If You Have a Tree Nut Allergy, You May Still Be Able to Eat Nuts

Having a nut allergy may not necessarily mean your nut-eating days are over, according to a study published in Annals of Allergy, Asthma & Immunology. Researchers have found that people with a clinically diagnosed tree nut allergy may be able to eat certain nuts without having an allergic reaction. Tree nuts include almonds, cashews, walnuts, hazelnuts, pecans, pistachios, Brazil nuts, and others. The study looked at data from 109 people who tested positive for a tree nut allergy via a skin prick test (SPT) and/or a blood test. The participants were classified as belonging to one of three groups: a tree nut allergy group, who experienced clinical symptoms after eating tree nuts and had tested positive on one or both allergy tests; a tree nut sensitization group, who tested positive on one or both allergy tests and had never eaten nuts as a result; and a tree nut avoidant group, who never ate nuts because of a perceived possibility of a tree nut allergy, even though they hadn't been tested previously. The participants were then given oral food challenges (OFCs), where they ate tree nuts to which they had tested positive on one or both allergy tests. Importantly, nuts that had caused allergic symptoms in the past weren't used in OFCs. The researchers found that:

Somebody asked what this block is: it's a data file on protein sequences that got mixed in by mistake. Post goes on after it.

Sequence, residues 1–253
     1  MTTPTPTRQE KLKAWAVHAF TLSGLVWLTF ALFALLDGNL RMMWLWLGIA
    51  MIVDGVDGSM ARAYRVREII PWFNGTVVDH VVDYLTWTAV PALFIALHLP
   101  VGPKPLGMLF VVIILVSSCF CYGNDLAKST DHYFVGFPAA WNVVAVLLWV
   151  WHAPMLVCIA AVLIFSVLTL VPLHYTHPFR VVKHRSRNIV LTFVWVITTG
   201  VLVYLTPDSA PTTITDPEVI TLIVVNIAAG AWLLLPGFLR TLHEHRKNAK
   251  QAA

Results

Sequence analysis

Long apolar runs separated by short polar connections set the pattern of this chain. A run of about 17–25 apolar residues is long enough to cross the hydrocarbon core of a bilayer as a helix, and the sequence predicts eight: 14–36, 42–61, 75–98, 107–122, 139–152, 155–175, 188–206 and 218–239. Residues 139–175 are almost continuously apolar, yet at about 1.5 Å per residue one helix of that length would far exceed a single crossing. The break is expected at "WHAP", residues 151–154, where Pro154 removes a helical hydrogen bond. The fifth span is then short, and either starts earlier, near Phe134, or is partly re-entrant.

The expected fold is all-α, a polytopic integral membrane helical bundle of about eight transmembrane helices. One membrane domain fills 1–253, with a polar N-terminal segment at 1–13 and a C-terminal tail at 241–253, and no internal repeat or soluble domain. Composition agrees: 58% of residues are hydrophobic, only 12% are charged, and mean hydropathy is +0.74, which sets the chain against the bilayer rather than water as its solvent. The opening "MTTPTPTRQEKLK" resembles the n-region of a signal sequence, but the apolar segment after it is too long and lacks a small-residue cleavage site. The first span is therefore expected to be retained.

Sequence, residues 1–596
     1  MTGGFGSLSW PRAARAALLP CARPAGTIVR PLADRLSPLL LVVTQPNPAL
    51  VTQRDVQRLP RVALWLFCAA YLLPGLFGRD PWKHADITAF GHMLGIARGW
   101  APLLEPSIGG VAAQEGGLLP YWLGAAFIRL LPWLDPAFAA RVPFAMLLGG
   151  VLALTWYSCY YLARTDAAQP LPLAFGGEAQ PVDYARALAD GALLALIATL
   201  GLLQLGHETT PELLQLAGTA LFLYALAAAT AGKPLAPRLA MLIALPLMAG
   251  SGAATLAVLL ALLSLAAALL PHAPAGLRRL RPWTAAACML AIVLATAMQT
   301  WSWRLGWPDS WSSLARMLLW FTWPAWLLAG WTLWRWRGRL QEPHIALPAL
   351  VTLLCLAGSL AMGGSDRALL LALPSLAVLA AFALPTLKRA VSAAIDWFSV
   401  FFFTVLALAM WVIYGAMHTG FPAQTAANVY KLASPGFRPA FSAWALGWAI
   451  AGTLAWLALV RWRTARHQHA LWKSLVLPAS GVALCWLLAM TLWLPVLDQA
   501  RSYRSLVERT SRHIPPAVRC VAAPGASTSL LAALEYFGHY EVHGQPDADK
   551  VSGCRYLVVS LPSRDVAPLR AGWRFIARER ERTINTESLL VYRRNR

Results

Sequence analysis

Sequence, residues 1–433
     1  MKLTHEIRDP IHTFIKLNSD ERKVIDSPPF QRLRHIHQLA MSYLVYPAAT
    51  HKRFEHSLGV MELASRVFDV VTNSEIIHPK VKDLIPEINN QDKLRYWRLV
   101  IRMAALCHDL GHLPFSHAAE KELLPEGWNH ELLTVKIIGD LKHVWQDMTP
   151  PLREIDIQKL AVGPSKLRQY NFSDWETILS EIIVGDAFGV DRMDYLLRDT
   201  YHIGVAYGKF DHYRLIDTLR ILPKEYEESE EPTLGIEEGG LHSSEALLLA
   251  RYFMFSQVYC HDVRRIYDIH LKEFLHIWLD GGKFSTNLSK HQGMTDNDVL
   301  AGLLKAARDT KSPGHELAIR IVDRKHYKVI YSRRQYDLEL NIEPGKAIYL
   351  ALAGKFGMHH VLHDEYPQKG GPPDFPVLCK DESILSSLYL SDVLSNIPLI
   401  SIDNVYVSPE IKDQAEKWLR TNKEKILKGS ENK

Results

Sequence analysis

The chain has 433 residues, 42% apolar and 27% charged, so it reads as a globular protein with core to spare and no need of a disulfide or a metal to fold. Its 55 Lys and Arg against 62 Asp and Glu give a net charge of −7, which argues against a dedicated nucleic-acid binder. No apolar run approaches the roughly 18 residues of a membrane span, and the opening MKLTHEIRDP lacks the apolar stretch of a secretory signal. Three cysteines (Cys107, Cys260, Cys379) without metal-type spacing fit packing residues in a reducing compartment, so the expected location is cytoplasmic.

• 86% of all participants had no allergic symptoms, such as hives, swelling, and wheezing, after OFCs.
  • 76% of OFCs in the tree nut allergy group, 91% of OFCs in the tree nut sensitization group, and 100% of OFCs in the tree nut avoidant group caused no allergy symptoms.
  • Almonds were the least allergenic nuts, causing no allergic symptoms in any of the participants who underwent almond OFCs.

The results suggest that some tree nuts may be safe to eat, even in those who have tested positive on skin prick or blood tests, and in those who have experienced allergic symptoms to other tree nuts. These findings are important as increasing numbers of people report tree nut allergies—this number has tripled in the last ten years. But the results don’t mean people with nut allergies should go nutty with other nuts. If you have a tree nut allergy or have had positive tree nut allergy tests, talk with your doctor to determine which nuts, if any, are safe for you to eat.

Source: Annals of Allergy, Asthma & Immunology

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